Think about the last time you got yelled at...
How did it feel?
Not so great, right?
I hate being yelled at! It makes me feel belittled, hurt, angry and all i want to do is yell and be mean right back.
Yes, that is my impulse: To yell back. At least most of the time. Other times i want to run away or I just stand there like a deer in headlights.
Truth be told, sometimes i do yell back .... (Yes even us therapists are not perfect! We are humans and just as flawed as anyone else).
So what actually happens at a physiological level when we yell? And why is it not helpful?
When experiencing a strong emotion such as anger, our mind and body feel as though there is a danger and it turns on our alarm system in an attempt to protect us from the identified danger: yelling/other person. Our automatic nervous system (ANS) kicks us into our fight-flight-freeze (FFF) mode and we go into autodrive, acting from a place of survival and impulse.
When one’s FFF mode is activated, the prefrontal cortex and other essential parts of the brain that control, impulse control, logical thinking, the ability to regulate emotions... basically go off line. The amygdala and other more primitive regions of our back brain activate and we become driven by our emotions.
Another way to think about this is based on 3 different states of mind from Dialectical behavioral therapy (Linehan). Logical mind (prefrontal cortex), Emotional mind (amygdala) and the ideal combination of both, known as the Wise mind.
Thus, when activated in FFF mode, any type of reasonable, logical conversation is virtually impossible, as one’s logical mind is temporarily impaired and the emotional brain has taken over. So until one’s logical mind is back online any effort to resolve a problem, shift a behavior .... is virtually impossible, as the only goal is survival
That’s why when you yell at your kid, your spouse, your co-worker, your parents.... they tend to yell back, leave or freeze. Often not stopping whatever it is that you are trying to get them to stop doing or do what you want them to do. They to have become activated into the FFF mode themselves and are in an emotional mind state.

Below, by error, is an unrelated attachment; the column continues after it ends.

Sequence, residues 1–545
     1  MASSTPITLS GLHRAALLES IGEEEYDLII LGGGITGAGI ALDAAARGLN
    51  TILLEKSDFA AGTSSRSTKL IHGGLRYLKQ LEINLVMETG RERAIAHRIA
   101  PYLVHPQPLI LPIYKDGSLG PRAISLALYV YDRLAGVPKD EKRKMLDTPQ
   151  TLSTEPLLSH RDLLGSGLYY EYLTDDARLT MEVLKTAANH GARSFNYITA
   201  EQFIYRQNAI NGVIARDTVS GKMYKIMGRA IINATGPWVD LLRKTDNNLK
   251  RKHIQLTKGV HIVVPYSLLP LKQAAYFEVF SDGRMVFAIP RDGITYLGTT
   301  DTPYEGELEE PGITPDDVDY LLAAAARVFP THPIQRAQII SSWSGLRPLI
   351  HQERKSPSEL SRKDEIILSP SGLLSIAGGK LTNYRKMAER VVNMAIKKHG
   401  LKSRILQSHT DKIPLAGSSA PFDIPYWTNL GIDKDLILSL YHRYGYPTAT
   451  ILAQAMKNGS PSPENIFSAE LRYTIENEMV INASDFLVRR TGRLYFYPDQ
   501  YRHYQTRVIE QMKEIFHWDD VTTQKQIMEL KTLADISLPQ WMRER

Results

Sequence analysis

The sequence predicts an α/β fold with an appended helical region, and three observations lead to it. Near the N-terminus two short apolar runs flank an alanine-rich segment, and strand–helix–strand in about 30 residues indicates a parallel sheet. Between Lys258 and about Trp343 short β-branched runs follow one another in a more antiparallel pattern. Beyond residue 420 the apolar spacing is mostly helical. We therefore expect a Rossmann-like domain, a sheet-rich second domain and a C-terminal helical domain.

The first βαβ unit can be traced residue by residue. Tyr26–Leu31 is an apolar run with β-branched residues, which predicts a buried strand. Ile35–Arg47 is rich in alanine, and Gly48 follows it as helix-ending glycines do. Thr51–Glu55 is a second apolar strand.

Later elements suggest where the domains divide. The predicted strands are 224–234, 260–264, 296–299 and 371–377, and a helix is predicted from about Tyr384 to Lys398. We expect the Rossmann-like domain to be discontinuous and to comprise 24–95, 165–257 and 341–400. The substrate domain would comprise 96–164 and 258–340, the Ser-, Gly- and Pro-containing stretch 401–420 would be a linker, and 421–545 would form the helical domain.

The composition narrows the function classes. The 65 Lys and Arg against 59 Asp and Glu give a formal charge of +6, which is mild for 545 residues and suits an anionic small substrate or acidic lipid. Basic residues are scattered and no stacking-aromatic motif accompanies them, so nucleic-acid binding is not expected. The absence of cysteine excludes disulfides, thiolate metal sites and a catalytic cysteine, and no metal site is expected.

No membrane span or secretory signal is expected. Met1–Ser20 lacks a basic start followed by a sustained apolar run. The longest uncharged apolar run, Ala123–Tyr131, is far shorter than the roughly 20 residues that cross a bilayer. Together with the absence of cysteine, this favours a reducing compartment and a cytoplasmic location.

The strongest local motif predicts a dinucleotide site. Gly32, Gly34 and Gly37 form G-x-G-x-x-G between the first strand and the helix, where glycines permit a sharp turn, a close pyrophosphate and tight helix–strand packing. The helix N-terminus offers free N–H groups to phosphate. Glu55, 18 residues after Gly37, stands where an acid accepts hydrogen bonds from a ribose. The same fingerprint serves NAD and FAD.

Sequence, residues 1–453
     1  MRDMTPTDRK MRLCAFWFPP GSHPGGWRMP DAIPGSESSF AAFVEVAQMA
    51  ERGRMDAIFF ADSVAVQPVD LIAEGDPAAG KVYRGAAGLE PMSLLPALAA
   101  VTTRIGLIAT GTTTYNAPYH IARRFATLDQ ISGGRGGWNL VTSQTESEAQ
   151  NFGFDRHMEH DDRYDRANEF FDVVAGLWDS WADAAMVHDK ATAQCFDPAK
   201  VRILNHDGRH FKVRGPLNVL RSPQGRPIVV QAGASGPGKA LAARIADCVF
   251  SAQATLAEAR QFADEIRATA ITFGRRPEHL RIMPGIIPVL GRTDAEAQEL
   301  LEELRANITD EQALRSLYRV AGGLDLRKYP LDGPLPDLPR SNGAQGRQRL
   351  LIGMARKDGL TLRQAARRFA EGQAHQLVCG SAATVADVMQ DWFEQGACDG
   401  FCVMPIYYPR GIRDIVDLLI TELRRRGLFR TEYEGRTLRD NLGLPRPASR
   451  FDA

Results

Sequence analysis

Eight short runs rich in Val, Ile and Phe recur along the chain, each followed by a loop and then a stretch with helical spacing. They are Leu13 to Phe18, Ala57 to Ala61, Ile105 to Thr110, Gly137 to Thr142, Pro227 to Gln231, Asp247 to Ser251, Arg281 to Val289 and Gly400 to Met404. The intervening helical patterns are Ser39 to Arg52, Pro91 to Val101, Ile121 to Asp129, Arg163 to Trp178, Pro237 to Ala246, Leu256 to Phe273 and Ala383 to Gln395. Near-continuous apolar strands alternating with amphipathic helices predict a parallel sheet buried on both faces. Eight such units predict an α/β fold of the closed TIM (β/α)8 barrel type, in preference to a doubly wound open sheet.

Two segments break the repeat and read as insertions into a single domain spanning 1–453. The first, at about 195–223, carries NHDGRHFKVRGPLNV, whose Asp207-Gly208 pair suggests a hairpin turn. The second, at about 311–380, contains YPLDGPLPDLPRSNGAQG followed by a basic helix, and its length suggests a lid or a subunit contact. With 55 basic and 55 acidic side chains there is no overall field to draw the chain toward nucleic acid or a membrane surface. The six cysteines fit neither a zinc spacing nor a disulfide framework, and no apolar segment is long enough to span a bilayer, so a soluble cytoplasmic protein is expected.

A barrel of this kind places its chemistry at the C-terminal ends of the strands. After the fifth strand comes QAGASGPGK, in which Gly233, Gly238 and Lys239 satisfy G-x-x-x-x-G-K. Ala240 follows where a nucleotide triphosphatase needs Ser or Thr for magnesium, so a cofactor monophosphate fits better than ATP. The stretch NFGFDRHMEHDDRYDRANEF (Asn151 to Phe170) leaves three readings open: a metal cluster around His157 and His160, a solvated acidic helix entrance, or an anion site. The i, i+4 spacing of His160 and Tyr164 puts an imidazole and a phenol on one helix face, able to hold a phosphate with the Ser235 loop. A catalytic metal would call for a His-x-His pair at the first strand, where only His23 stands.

So instead of continuing to yell, thinking that it is going to change what is happening, make the person listen or stop a behavior. It may shift something in the short term, but in the long run nothing shifts or gets resolved.
So how about trying something that will actually make a difference?
The most effective strategy that i have come across is to notice when you are started to feel frustrated. Not waiting until the point of anger andgive yourself and the other person a break: Let the other person know that you are feeling frustrated, angry... and that you need to take a break so you can calm yourself down and not let your emotions rule you. Remember to let the person know that you will talk about this again when both of you have your thinking brains back online. If you start talking about the same topic and you start to feel yourself or the other person become activate. Stop, take a break and repeat.
By giving yourselves a break you are:
helping yourself not engage in emotion driven behaviors that often lead to impulsive behaviors that one can regret later.
modeling healthy communication skills.
Showing respect to both yourself and the other person.
Using your physiology to your advantage.